To properly hone a piece without sacrificing speed or design, start the project milling with bits that have fewer flutes to create the gross cut. Then finish with end mills that feature more flutes to get a more delicate result. Although this process takes longer, it balances speed with finish quality.

Choose the Appropriate Direction

choosing the right direction

Direction can make or break a product.

CNC millers may choose climb milling, also known as "down" or "conventional" milling. Conventional milling turns the mill end against the direction of the material feed. This method has the advantage of pulling the material up and away from the cutting surface. Unfortunately, it cannot be used with certain metals because pulling the chips away from the surface redistributes the heat produced from the cutting to the metal itself. Some materials experience damage from this excessive heat. Additionally, conventional milling requires more force on the tool, reducing its lifespan. Throughout traditional milling, the chip size gradually increases from the beginning to the end of the process.

Climb milling cuts with the feed. The chips produced get pulled away from the cutting surface, which keeps the surface neat. This cutting direction extends the life of tools by up to 50 percent , which in turn won't require as much force to cut into the material. Despite down milling having the moniker of "conventional," climb milling is becoming more popular due to its advantages. Unfortunately, many shops forbid climb milling because, if improperly done, the machine can pull the material upward, sending shrapnel through the workshop.

Set the Correct Feeds and Speeds

The key to safe and accurate milling starts with setting the correct feeds and speeds. Speed is either measured in revolutions per minute (RPM) or surface feet per minute (SFM). SFM should be a constant, which is based on the material being cut. Multiply the SFM by 3.82. Then, divide this value by the tool's diameter in inches to find the RPM:

RPM = (SFM x 3.82) ÷ tool diameter

If you know the desired RPM, you can find the SFM by multiplying the RPM by the tool diameter in inches and dividing the result by 3.82:

SFM = (RPM x tool diameter) ÷ 3.82

To determine the feed, you'll need to know the speed in RPM. For finding the feed measured in inches per minute (IPM), you need the chip load, also called "inches per tooth" (IPT). The IPM equals the product of the RPM, the IPT, and the number of flutes on the mill:

IPM = RPM x number of flutes x IPT

While you multiply to find the IPM, you'll divide instead to find the chip load (IPT). Divide IPM by the RPM by the number of flutes:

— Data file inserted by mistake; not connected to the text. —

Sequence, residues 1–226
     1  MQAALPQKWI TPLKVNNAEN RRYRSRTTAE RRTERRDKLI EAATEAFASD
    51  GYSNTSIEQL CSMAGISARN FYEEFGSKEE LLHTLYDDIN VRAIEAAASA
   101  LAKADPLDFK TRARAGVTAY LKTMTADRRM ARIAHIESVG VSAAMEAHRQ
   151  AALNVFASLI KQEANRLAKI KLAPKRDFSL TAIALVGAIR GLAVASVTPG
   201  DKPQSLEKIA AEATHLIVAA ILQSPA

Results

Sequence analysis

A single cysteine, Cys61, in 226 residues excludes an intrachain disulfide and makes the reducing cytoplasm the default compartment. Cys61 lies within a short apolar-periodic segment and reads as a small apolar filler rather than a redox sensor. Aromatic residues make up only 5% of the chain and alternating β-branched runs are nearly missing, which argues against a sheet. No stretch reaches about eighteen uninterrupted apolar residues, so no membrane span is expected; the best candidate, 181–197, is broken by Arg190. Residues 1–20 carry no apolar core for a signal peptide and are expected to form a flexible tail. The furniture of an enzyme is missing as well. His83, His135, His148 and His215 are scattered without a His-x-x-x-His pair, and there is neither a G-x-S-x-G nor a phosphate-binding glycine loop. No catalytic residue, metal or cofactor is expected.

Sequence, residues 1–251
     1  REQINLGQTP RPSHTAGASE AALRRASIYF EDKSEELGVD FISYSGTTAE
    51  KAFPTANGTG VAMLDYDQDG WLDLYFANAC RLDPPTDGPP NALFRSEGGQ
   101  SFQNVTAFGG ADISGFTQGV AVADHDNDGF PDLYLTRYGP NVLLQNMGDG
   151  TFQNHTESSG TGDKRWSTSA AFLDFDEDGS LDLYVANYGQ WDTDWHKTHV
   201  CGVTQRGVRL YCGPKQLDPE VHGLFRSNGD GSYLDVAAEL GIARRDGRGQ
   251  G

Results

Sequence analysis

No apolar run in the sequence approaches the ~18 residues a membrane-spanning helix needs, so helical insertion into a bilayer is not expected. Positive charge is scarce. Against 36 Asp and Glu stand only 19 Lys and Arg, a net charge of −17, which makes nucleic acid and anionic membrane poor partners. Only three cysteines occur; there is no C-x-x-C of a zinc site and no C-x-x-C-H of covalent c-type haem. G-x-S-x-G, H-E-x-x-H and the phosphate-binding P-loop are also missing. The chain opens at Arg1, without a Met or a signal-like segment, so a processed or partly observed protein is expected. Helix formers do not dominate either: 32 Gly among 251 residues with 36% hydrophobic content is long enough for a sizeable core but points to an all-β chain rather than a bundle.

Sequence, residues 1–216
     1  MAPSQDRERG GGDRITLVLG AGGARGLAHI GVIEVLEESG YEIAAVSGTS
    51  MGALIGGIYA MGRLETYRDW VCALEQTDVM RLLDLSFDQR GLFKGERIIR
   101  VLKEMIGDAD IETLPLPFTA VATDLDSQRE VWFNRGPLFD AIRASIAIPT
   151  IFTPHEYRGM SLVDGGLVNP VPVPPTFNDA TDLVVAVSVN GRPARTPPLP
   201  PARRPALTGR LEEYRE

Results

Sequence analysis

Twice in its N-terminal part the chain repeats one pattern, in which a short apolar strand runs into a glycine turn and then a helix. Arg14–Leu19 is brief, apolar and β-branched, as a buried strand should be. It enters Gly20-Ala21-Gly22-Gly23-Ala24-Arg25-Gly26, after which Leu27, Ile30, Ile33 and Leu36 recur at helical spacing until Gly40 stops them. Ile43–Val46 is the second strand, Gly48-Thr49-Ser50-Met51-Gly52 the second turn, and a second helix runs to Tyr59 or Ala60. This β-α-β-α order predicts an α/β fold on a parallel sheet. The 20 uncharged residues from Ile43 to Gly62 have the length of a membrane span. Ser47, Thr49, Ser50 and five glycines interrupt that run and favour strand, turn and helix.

IPT = IPM ÷ RPM ÷ number of flutes

These calculations are critical for achieving the desired finished product with a given material and an end mill or bit. Miscalculating could result in disaster if you put the wrong information into the machine.

Sharp Mills and Resharpening

Sharp mills require less force and produce cleaner cuts. But the problem with many coated and intricately designed mills today is the added difficulty of resharpening them yourself with a standard diamond sharpener. If they are sharpened improperly, the mills may not cut evenly or they could lose their protective coatings.

If you must have your mills sharpened, have a professional do the job. Otherwise, consider purchasing new parts. If you don't want to make repeat purchases of mills, opt for coatings that help the mills last longer. Proper storage also will also increase the longevity of your cutting tools.

Storing Your Mills

Even though mills and bits can cut tough materials, the flutes may still become damaged and dulled with improper storage. This is especially true of carbide, which is deceptively delicate.

Keep your mills in a specially padded storage container so they do not roll around and rub against each other. A carrying case is also essential for toting your tools safely if you travel with them. Resharpening your mills or purchasing new ones can be expensive and disruptive to your workflow. Store your tools correctly to avoid premature wear.

Get the Parts You Want

custom part machining

Don't settle for subpar parts and tools. You need CNC machining professionals who know precisely which tool to use to achieve your desired outcome. We strive to bring you the highest quality possible for the work we do. Contact AMI today for a quote on your part creation from our professionals.